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Sad looking tomato plants

I'm pretty sure these Rutgers tomatoes are supposed to be bigger than 2" in diameter!

I’m pretty sure these Rutgers
tomatoes are supposed to be
larger than 2″ in diameter!

My tomatoes are a disaster this year!

Their growth is slow and they are not producing many flowers or fruit. Plus, the fruit that has formed is way smaller than it should be. It’s very disappointing!

I planted about 40 plants which included 9 different varieties, most of which are heirlooms because they are so delicious. Normally by this time of the season, the plants would be lush and full and looming over the top of our 6 foot trellises. There would also be lots of beautiful full-sized tomatoes with many more coming on. Not so this year!

The season started out on a downside when, within a few days of planting out my transplants, we noticed some severe cupping and curling of the foliage especially on the youngest leaves. When I saw it I immediately thought – classic 2,4-D herbicide injury! I wish I had taken some pictures of the damage.

Tomato injury caused by 2,4-D

Tomato injury caused by 2,4-D

It affected all of the tomato plants. I also noticed 2,4-D injury on our grape vines which are growing on the hill above the vegetable garden. Tomatoes and grapes are especially sensitive to broadleaf herbicides. Even light exposures can result in injury to the plants. If an herbicide like glyphosate (Roundup) or one that contains 2,4-D or dicamba is applied in the vicinity of a vegetable garden, it can easily drift onto the plants. Herbicides can drift pretty far if caught by the wind! We hadn’t sprayed anything but we found out later that a neighbor had been spraying a product containing 2,4-D to control thistle in the field right beside our vegetable garden. The spray must have drifted onto our newly planted tomatoes.

Strike One!

 

The spindly vines have a lot of diseased foliage.

The spindly vines have a lot
of diseased foliage.

We planted our tomatoes and most of the rest of the garden on the 21st of May. June had higher than normal rainfall, often in the form of heavy thunderstorms. This wet weather led to disease problems, especially in our heirloom varieties which make up about 80 percent of what we grow. We always have some disease in our tomatoes that wipes out their lower branches but it never seems to affect their production much. This year it was much worse. I am pretty convinced that the herbicide injury weakened and stressed the plants and left them more susceptible to fungal diseases.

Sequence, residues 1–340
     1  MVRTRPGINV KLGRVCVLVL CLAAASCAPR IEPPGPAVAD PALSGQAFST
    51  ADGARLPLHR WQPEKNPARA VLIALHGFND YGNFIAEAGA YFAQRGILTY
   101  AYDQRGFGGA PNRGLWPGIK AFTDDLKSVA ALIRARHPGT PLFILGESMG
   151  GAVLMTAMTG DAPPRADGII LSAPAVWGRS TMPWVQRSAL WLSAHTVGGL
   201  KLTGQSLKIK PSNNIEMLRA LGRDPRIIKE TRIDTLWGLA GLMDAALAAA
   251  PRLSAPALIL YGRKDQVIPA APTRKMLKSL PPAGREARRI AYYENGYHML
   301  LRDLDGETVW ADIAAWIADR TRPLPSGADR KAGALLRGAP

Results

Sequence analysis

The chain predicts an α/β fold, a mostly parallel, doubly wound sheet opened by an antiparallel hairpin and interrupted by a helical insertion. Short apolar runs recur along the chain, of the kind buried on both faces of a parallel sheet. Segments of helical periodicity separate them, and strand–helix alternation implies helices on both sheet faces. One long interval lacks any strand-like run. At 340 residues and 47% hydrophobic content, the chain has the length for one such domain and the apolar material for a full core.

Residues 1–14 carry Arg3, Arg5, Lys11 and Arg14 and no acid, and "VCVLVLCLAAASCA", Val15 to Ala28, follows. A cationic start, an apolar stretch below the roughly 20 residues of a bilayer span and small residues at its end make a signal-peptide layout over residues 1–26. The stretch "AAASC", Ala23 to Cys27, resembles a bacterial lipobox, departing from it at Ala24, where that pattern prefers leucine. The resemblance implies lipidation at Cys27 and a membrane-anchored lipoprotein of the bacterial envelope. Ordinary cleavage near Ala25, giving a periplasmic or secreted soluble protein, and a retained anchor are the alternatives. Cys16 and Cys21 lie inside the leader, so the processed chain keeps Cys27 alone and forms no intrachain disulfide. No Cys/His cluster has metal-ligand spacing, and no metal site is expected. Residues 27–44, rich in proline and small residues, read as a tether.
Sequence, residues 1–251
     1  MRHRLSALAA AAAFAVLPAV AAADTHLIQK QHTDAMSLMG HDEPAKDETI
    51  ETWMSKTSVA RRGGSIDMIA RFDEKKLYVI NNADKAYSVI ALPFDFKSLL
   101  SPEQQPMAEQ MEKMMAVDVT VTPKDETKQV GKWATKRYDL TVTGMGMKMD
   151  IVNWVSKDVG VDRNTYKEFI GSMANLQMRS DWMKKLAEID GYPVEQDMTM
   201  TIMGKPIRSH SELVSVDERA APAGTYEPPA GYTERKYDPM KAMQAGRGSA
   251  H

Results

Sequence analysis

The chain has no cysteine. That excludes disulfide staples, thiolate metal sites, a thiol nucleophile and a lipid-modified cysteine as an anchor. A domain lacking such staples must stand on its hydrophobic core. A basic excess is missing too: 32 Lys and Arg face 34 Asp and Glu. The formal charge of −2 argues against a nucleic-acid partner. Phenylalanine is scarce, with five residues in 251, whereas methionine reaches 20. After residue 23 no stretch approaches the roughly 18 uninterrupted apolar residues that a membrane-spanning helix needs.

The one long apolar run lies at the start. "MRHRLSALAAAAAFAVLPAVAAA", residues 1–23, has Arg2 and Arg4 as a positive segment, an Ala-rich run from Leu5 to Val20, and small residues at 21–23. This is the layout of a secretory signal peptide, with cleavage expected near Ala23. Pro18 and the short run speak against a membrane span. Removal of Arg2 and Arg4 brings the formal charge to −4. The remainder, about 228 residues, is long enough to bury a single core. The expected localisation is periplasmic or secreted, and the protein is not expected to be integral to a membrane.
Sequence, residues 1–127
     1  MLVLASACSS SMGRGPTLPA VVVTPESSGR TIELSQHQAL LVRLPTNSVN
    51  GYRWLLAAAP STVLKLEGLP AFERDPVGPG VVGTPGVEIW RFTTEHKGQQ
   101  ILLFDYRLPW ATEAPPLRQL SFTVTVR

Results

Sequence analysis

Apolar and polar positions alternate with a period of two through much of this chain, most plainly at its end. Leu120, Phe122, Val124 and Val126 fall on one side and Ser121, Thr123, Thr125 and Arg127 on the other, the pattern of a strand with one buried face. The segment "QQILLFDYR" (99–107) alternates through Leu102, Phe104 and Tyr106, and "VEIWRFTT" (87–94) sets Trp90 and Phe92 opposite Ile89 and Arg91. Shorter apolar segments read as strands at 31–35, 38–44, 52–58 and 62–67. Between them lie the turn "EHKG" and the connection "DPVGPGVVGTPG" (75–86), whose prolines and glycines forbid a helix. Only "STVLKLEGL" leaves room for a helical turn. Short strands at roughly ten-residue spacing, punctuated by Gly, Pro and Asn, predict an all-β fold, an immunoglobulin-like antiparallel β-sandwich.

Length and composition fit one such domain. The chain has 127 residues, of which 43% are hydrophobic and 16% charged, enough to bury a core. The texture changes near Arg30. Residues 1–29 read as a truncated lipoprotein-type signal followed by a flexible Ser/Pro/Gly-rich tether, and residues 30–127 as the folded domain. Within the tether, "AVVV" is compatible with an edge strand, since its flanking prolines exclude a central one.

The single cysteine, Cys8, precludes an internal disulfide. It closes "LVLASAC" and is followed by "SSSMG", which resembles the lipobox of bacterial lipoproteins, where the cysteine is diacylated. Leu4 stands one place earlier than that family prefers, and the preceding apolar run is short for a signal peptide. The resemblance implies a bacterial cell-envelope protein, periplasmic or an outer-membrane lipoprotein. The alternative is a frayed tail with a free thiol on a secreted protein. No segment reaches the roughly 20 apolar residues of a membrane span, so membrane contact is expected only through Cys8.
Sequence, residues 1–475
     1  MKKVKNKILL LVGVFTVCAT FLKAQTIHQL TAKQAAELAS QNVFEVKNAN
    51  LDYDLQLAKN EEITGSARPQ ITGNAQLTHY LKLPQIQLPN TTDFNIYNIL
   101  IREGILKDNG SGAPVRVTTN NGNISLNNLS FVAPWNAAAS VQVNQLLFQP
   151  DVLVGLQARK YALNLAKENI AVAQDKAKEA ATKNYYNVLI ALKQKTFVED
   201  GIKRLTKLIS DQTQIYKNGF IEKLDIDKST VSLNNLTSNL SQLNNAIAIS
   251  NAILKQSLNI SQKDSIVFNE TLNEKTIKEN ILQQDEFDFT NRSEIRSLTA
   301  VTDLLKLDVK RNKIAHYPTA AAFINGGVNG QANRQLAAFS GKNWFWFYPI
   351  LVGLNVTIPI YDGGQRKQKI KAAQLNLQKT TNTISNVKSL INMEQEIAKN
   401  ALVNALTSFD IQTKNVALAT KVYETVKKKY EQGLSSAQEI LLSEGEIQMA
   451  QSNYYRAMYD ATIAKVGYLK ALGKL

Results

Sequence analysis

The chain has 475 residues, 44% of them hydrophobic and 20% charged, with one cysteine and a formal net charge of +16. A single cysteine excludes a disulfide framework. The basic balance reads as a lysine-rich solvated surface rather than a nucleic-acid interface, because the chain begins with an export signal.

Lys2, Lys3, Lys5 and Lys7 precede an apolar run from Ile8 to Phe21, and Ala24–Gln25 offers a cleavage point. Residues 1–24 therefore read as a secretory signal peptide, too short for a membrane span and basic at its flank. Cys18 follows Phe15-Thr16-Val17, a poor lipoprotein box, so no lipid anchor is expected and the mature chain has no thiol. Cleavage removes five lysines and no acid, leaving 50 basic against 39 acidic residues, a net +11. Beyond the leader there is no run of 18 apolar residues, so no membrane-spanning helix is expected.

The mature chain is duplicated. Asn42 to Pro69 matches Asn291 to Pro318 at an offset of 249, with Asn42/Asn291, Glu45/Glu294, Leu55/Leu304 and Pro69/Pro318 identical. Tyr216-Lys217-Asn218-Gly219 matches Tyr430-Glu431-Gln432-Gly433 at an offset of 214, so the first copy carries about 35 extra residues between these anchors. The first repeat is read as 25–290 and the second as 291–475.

Strike Two!

 

Hornworm damage on the Better Boy tomatoes

Hornworm damage on these
small ‘Better Boy’ tomatoes

Though we never seem to have much insect damage on our tomatoes, we have had an occasional hornworm on the plants. So far this year, Eric has discovered two hornworms on the tomatoes but only after they had almost completely defoliated a couple of the plants and chewed a few of the tomatoes as well! They are well camouflaged and it took a bit of hunting before he found and squashed the two culprits. Hopefully there aren’t more lurking among the foliage.

Strike Three!

 

With all these strikes against them, the plants have suffered tremendously. The foliage is sparse and the stems are elongated and spindly. I think this is mainly due to the herbicide injury early in the season.

The 'Pruden's Purple' tomato on the right is deformed and cat faced but at least it is larger.

The ‘Pruden’s Purple’ tomatoes
are small and some are deformed.

Though the plants have slowly outgrown the damage and the new growth is fairly normal, the plants are stunted and few flowers are being formed. The fruit that has formed is mostly remaining very small. I harvested a few medium-sized ‘Cherokee Purple’ tomatoes but most were deformed with severe cat facing (another symptom of 2,4-D injury).

Some of the problem may be environmental, too. I have heard that other people are having similar issues with their tomatoes; slow growth and the production of very few tomatoes that are all small in size. It may just be a bad year for growing tomatoes!

Unfortunately, it doesn’t look like we will be harvesting very many tomatoes this year. We should have enough to enjoy fresh but I’m pretty sure we won’t get enough to can.

The pole beans are doing very well!

The pole beans are doing very well!

On the bright side, the pole beans are doing very well except for 2 or 3 poles where some critter has nipped off the lower leaves. The vines are still strong and producing lots of beans at the top. We planted Rattlesnake beans, a purple pole bean, and a new one for us – Lazy Housewife Pole Beans. Yum!

The cucumbers have also produced well this year. So far I’ve made 23 pints of my famous bread and butter pickles and still have plenty to slice up for my lunches and I’ve even given a bunch away! I’ll be making more pickles this weekend and freezing beans, too!

I’m just so sad about my tomatoes …

Until next time –
Here’s hoping your tomatoes are doing better than mine!

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